Rosalia Gitau, currently a Contributing Editor for Transparency International's Anti-Corruption Research Network, has also worked in law, policy, and freelance writing. Here she talks with Margo Berdeshevsky, author of the new book, Beautiful Soon Enough.
RG: Margo Berdeshevsky was my first interviewee for Paris Writers News, and I had no idea what to expect. I knew she was a writer, poet, photographer, actress, humanitarian, world-traveler, and activist, but, when I knocked on the door of her Marais apartment, I didn’t know what type of person encompassed all of these activities- these lives.
What greeted me was an energetic blond, proudly displaying streaks of grey, wearing turquoise earrings and thigh-high leather boots over tight leather pants. She ushered me into the living room, cutting through her office. It was a writer’s dream – large mahogany desk overlooking a courtyard, an antique magnifying glass next to a well-used laptop. In the living room, hung her photographs. Large, contemporary art pieces that betray a collagist’s preoccupation with layering. Like her very full life, her written and visual works display an urgency to fill it all in.
After our 3-hour conversation, I walked away awed and inspired. Our interview, below, is just a handful of the topics Margo and I covered: from her new book, a collection of short stories, entitled Beautiful Soon Enough, to her politics, lovers, and life lessons. I admittedly broke the first cardinal rule of interviewing: I fell in love with the subject.
Berdeshevsky RG: When did you move here?
MB: Just a year ago…it’s a completely different vibe, and I’m just getting used to feeling like a grown-up.
RG: I was going to say, this is a very grown-up apartment.
MB: What I loved about this is all of this is my artwork. The book [Beautiful Soon Enough] is illustrated with many of my images. I wanted all of the images in the book; I don’t like the Parisian gallery scene very much [though]. I had a show at one point, a series of Cuban photographs. I got to see the gallery scene and it’s pretentious. It’s one way to sell art but I thought if I can find a space [my apartment] where I can make a mini-gallery and invite clients two or three at a time, that’s going to work better than playing that other game.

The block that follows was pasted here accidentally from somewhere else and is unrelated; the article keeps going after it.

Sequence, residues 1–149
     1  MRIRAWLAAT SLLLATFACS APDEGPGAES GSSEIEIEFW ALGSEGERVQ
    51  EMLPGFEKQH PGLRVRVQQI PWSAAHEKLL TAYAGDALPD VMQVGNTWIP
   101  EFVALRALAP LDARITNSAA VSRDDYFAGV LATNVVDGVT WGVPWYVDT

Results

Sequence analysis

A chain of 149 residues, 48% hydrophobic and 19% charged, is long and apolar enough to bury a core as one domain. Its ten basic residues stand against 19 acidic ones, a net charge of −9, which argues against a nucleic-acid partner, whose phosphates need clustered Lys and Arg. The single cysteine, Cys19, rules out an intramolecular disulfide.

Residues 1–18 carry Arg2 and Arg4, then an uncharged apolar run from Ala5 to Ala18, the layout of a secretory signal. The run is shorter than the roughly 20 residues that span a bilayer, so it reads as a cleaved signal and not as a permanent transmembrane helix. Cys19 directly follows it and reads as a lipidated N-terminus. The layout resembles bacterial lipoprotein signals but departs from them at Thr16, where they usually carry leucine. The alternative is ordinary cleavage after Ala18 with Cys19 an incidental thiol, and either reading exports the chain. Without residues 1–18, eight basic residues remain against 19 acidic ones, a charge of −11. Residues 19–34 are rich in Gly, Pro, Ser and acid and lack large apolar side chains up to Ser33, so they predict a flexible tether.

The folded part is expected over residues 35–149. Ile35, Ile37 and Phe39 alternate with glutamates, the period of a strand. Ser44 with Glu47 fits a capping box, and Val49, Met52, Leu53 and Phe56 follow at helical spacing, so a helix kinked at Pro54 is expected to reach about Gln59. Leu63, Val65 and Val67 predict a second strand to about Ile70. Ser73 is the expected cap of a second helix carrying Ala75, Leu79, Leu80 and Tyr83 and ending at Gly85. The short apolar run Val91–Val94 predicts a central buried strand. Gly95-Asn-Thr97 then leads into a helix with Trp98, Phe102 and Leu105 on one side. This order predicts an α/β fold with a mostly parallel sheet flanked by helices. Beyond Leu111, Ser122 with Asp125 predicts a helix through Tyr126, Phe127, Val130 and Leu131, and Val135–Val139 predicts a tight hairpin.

RG: Where do you feel at home?
MB: I’m one more of the alienated humans who live in Paris- this is more home than not. But I lived for many years in the Hawaiian islands where place and home and ancestry and all that sort of thing are paramount and profoundly important and, because my dearest friends partook in the belief system, I learned it very well. But, in fact, plunk me down anywhere and I’m going to make a life. So, I really understand that the [conventional] version of being a human doesn’t track for me. I’m not a mommy, I’ve been married lots of times, but I’m not married now, so the paradigm that works for lots of people had never worked for me. That’s what made me an actress first- living other people’s lives- and it certainly is what made me a writer.
RG: So, what is your creative process?
MB: A lot of work has come out of my darkest nights because I’ve got to do something with them and eventually I find that they form some little nugget of my understanding. I’ve moved through numerous art forms and continue to [do so] . I’m a collagist at heart in the same way that my images are layers and layers of imagery. The writing is similar; I have a poetic voice that has been written about in reviews and spoken about and I use that element in whatever I write. So the poetry is always there on some level, the imagistic mind is always there on some level.